9

I am working through the Shunting-yard algorithm, as described by wikipedia.

The description of the algorithm when dealing with operators is as follows:

If the token is an operator, o1, then:

while there is an operator token, o2, at the top of the operator stack, and either

o1 is left-associative and its precedence is less than or equal to
that of o2, or

o1 is right associative, and has precedence less than that of o2,

then pop o2 off the operator stack, onto the output queue;

push o1 onto the operator stack.

However, they give the following example:

Input: sin max 2 3 / 3 * 3.1415

When the algorithm hits the / token, the description of what should happen is as follows:

Token |        Action       |   Output (in RPN) |   Operator Stack
...
/     | Pop token to output | 2 3 max           | / sin 
...

They are popping the function token max off the stack and putting into the queue. According to their algorithm, this would seem to mean the function token is both an operator, and has a precedence less than that of the / operator.

There is no explanation as to whether or not this is the case. So, for the Shunting-yard algorithm, what is the precedence of a function? Are functions right or left associative? Or is wikipedia just incomplete/inaccurate?

5

I believe the direct answer is simply that functions are not operators. From the page you linked:

If the token is a function token, then push it onto the stack.

This is all it needs to say, since the function case (prefix to postfix) is much simpler than the operator case (infix to postfix).

For the follow-up questions: The notions of precedence and associativity are only needed because of the inherit ambiguity in any expression with multiple infix operators. Function tokens are already using prefix notation, so they simply don't have that problem. You don't need to know whether sin or max has "higher precedence" to figure out that max needs to be evaluated first; it's already clear from the order of the tokens. That's why computers prefer pre/postfix notation to begin with, and why we have this algorithm for converting infix to pre/postfix.

You do need to have some kind of rule for where a function's arguments start and end when no parenthesis are present, so you could say that functions "take precedence" over operators or vice versa. But unlike infix operators, a single consistent rule for all functions is enough to make their compositions completely unambiguous.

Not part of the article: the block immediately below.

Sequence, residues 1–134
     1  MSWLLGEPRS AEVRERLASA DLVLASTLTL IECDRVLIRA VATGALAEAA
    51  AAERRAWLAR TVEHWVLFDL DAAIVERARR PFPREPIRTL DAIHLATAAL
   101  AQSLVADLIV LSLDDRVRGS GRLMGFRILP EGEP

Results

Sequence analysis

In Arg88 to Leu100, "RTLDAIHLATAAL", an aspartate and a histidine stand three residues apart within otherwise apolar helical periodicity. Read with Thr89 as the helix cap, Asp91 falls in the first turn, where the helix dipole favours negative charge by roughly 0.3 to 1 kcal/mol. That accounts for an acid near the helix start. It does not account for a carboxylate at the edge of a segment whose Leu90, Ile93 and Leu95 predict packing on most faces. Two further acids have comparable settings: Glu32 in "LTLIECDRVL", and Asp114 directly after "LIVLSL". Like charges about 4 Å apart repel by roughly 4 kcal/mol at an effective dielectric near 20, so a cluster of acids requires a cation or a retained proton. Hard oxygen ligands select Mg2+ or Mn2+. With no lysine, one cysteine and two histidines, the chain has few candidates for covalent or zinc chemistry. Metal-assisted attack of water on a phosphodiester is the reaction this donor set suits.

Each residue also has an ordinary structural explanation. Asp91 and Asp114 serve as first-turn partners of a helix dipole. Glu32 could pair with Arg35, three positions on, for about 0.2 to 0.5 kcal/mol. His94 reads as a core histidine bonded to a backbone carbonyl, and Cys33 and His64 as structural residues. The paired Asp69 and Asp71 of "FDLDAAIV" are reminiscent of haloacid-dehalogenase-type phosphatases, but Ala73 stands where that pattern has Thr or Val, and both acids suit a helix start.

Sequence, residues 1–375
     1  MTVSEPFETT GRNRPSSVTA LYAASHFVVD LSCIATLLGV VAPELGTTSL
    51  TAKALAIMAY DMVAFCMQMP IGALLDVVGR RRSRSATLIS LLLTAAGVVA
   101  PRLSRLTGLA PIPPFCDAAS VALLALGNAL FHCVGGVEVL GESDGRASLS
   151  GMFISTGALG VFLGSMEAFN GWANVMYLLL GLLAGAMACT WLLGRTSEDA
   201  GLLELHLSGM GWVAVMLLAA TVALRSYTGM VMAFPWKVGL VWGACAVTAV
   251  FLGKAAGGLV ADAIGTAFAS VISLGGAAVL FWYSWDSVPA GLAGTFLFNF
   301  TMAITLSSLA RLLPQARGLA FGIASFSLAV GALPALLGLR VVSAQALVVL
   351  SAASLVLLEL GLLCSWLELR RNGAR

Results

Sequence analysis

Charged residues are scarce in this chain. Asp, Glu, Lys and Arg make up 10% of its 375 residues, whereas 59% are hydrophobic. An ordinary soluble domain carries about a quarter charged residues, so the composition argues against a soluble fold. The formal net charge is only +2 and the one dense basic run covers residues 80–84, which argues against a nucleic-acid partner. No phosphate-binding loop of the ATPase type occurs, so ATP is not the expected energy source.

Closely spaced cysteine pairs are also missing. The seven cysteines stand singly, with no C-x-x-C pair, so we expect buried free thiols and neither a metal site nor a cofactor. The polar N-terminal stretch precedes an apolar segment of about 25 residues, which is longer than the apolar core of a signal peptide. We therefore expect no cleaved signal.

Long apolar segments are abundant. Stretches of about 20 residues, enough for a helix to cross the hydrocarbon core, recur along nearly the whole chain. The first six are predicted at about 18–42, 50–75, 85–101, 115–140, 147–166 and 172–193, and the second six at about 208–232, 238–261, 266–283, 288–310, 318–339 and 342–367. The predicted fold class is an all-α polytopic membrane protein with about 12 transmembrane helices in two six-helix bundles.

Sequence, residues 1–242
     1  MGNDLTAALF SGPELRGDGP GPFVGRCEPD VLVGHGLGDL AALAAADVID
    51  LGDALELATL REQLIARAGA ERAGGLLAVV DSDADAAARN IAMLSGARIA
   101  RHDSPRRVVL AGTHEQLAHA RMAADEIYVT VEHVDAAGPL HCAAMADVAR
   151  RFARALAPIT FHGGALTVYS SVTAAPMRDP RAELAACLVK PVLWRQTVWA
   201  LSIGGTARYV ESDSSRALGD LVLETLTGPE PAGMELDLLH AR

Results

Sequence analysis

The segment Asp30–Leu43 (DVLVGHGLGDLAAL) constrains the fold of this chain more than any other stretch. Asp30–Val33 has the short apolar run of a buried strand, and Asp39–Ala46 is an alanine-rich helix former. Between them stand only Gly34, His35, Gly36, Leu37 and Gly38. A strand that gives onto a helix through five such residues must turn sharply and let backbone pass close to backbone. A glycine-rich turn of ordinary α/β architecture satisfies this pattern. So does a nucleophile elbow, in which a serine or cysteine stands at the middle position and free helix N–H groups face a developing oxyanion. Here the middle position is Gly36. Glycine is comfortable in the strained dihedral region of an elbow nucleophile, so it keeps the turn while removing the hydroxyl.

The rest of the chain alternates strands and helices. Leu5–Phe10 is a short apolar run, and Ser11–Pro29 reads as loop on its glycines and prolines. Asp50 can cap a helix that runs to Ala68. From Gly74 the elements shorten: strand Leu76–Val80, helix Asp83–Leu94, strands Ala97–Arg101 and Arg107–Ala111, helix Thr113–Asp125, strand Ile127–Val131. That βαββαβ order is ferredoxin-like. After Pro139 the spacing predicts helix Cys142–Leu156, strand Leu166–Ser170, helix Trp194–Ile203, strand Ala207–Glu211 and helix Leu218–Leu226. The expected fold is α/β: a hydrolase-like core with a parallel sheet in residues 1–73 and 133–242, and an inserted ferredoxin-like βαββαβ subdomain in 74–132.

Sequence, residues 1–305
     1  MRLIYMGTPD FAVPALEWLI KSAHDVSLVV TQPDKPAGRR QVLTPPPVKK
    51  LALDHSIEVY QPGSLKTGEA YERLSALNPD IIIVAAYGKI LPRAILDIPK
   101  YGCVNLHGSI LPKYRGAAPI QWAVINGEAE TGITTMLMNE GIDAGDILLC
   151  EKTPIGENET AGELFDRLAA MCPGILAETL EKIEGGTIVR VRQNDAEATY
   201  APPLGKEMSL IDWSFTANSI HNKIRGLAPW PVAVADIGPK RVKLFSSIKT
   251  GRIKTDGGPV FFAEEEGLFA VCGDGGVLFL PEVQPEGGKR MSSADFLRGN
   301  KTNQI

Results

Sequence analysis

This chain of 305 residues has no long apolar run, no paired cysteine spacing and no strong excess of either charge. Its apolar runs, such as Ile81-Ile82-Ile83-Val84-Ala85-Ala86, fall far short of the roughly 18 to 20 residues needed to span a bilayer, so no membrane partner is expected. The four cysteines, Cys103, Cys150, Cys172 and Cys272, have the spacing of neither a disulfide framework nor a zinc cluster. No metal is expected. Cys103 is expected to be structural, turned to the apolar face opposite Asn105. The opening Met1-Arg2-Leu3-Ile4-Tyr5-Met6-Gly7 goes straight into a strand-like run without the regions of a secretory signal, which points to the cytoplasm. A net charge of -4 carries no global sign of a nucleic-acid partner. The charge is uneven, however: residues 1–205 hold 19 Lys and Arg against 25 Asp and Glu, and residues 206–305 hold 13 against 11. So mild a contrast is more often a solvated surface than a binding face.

• Their algorithm is correct, then; it is their example which is incorrect. The infix notation should include parenthesis wrapping the functions: sin( max( 2 3) / 3 * 3.1415) – MirroredFate Jul 17 '15 at 21:37
  • I'm not sure if I'd call it incorrect, but this is a strong argument in favor of languages that require parentheses and commas around all function calls. – Ixrec Jul 17 '15 at 21:38
  • I think it's incorrect as it is impossible to parse the infix using the algorithm as they describe it. – MirroredFate Jul 17 '15 at 22:48
  • @Ixrec I don't see the line "If the token is a function token, then push it onto the stack." on the Wikipedia page. May be its edited by now. But do you mean I can treat a function same as a number in algorithm? – Abhinav Mar 1 '18 at 3:30
3

There are two different cases to consider, depending on your language syntax. If your language uses parenthesis to indicate function application (eg f(2+1)) then precedence is irrelevant. The function should be pushed onto the stack and popped out after (for the example above, the result is 2 1 + f). Alternatively you can treat the function as a value and output it immediately, and output a function invocation operation after the close parenthesis (which should otherwise be treated the same as any other parenthesis), eg f 2 1 + $, where $ is the function invocation operation.